“One Friday Morning” by Langston Hughes

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“One Friday Morning” by Langston Hughes
Racism and discrimination in general are things that are sadly practically inevitable. It is very unlikely that you ever will be able to find a society with no discrimination at all. Langston Hughes, who is an African-American writer, shows this in his short story “One Friday Morning”. Langston Hughes sheds light upon things like: The American Dream, equality and The Declaration of Independence. The story is written in the 1950’s which is at the same time The Civil Rights Movement just had been founded. Nancy Lee, the main character, is ‘proud of being American’. She undergoes a big development throughout the story. She gets introduced to discrimination and the fact that discriminate behavior and
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It then comes like a shock to them when they find out that the committee has canceled Nancy’s scholarship, just because of the sole reason that she is colored differently: “She could not speak”. Nancy here discovers the hard reality, that there are not just nice and good people in the North either.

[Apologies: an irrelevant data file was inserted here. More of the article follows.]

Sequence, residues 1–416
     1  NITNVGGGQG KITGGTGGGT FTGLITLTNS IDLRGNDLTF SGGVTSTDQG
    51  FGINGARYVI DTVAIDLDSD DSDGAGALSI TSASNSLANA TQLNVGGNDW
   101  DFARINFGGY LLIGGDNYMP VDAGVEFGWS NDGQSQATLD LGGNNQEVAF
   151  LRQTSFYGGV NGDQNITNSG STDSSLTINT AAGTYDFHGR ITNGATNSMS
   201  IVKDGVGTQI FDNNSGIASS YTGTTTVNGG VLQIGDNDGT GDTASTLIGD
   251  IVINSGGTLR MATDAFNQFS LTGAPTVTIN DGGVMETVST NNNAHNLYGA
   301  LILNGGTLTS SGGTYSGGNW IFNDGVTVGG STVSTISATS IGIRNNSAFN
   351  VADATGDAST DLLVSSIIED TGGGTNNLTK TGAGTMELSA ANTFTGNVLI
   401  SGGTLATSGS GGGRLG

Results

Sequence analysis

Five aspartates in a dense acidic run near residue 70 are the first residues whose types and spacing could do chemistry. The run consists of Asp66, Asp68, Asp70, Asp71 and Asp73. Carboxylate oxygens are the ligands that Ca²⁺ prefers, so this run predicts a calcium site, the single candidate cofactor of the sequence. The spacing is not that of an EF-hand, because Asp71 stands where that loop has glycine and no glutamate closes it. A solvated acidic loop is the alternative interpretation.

Nancy is very proud of being colored; she has even brought her racial identity into her own artwork: “She could see the old woman in her picture (really her grandmother in the south) lifting her head to the bright stars on the flag in the distance” (p. 6 ll. 14-16). ‘Bright stars’ is a symbol for all the good things in America and what America is known for like: liberty, equality, happiness and opportunity. Nancy’s painting shows three main things: “the flag, the spring, and the woman formed a kind of triangle holding a dream Nancy Lee wanted to express” (p. 4 ll. 6-8). The US-flag is a symbol of Liberty and equality, Nancy’s grandmother symbolizes an oppressed minority and the spring symbolizes a new beginning. Together I get the three to be a dream where the colored are equally treated and have the same rights and chances as anybody else.
She planned to mention her pride of her race in her speech which got canceled: “I accept this reward with gratitude and pride, not for myself alone, but for my race that believes in American opportunity and American fairness - and bright stars in our flag” (p. 7 ll. 11-13). She here mentions her own race; the African-Americans, and
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